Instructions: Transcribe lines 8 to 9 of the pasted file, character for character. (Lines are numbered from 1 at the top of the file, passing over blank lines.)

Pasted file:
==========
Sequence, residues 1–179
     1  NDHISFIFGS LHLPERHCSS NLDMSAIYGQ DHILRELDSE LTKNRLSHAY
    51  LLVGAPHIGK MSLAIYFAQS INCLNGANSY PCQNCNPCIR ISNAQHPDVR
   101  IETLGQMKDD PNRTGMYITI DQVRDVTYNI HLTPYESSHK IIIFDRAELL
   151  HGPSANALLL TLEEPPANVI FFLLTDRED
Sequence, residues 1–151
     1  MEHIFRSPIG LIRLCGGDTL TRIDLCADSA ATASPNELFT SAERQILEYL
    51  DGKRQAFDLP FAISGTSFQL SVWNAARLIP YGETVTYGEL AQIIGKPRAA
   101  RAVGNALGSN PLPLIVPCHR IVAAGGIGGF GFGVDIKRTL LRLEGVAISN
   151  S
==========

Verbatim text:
    51  DGKRQAFDLP FAISGTSFQL SVWNAARLIP YGETVTYGEL AQIIGKPRAA
   101  RAVGNALGSN PLPLIVPCHR IVAAGGIGGF GFGVDIKRTL LRLEGVAISN